Peera/pera is a variation of an Indian milk sweet known as Peda. I say variation, because the version I’ve seen made in Guyanese homes is different than a traditional Peda recipe.
- 1 12oz can evaporated milk
- 1 1/4 cup white granulated sugar
- 1/8 tsp ground cinnamon
- 1/8 tsp ground nutmeg
- 1/2 tsp vanilla extract (optional)
- Grab a plate or tray to place peeras in after it is done, a glass of ice water, and a small spoon, set aside.
- Pour milk, sugar and spices into a cast iron pot. Heat on medium-low for about hour and fifteen minutes uncovered. Let mixture boil, turning occasionally and scraping the sides down each time.
- Mixture should start to look slightly thick, like pancake syrup and have a caramel color. Turn heat to low and turn every 2-3 minutes. Mixture is at most risk for scorching at this point so keep heat on low.
- Around an hour and a half mixture should be thick like molasses, keep turning mixture to keep from scorching. Scrape sides down frequently so sugar does not build up.
- When mixture begins to look thick like cake batter, do not leave the stove, keep turning. The edges of the pot will begin to look dry and white. Remove mixture from heat, tilt the pot and beat mixture until the texture becomes like frosting or taffy. It is now ready to be rolled into balls.
- Rub some cold water between both palms, roll about a teaspoon of peera in between your palms to form a ball, place in plate or tray, and press down slightly with your finger to make an indent.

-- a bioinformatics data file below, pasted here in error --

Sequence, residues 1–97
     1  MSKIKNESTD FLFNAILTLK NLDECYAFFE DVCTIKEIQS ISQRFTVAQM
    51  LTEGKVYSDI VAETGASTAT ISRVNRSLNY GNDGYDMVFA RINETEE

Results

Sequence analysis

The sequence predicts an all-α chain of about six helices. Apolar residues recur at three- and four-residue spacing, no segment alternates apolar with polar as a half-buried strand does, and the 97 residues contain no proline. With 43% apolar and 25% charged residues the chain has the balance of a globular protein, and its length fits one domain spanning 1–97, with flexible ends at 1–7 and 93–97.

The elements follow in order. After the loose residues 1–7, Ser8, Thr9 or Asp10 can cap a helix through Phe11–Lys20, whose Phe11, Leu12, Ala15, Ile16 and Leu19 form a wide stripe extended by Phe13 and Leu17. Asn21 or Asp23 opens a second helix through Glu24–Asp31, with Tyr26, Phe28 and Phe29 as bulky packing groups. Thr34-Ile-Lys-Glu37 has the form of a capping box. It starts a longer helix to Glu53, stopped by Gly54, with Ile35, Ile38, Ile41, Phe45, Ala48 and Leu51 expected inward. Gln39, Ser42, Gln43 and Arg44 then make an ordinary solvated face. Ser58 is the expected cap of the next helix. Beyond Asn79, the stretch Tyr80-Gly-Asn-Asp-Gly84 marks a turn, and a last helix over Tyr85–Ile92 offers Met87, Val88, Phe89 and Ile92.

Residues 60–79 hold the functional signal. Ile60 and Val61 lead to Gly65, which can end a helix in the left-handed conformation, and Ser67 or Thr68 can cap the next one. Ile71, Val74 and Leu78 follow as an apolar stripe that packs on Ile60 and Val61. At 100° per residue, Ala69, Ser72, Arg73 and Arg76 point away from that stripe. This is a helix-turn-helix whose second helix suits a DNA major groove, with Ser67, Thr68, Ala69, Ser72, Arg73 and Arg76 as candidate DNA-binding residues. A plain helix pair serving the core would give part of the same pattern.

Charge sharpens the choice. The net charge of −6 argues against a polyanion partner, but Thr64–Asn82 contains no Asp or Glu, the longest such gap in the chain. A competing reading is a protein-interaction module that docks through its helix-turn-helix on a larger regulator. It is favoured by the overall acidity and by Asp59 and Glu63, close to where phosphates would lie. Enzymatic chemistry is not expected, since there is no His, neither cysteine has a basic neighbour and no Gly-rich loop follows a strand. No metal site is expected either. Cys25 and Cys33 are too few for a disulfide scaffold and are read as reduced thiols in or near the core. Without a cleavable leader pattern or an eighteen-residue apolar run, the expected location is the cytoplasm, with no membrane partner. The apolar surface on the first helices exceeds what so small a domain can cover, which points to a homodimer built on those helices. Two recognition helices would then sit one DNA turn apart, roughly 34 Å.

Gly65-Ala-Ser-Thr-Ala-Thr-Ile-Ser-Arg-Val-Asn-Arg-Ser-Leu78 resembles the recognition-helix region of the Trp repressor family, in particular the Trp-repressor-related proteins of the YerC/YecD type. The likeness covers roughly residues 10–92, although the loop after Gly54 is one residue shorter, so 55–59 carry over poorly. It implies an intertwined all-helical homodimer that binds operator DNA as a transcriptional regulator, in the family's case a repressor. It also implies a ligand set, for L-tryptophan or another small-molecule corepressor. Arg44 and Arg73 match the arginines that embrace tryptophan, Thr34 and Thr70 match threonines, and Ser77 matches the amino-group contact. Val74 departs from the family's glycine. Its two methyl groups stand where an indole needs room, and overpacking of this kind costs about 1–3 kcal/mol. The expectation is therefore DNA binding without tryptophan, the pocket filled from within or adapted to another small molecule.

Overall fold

- Allow peera to harden then enjoy.
- I recommend not using a non-stick or enamel coated pot. You will be turning the peera mixture frequently and wouldn’t want to risk scratching the bottom of one of these types of vessels or getting the scratched pieces into the peera mixture. A cast iron or stainless steel pot works best for this recipe.
- Use a metal or wooden spoon, a plastic spoon may break while beating the mixture.
- After an hour of boiling, be absolutely sure to keep heat on low, otherwise the mixture will scorch on the bottom and as you turn it, you’ll see the scorched pieces turn up in the milk.
- Roll peera while mixture is still hot, it will help to keep the peera smooth and free of cracks. The darker peera in my photos had a few cracks since I had to stop to take photos, so as you can see, even a minute cannot be spared. When the sugar begins to dry, it makes it harder to roll the peera, so work quickly. Don’t worry about burning your hands, the cold water will not only help with keeping the peera smooth, it will keep your palms from being scorched.
- If you are not sure when to take mixture off the stove, you can drop a little bit of the mixture into a glass of warm water, if it keeps its shape and does not dissolve, it is ready to be removed from the stove and beaten.
Adapted from Inner-Gourmet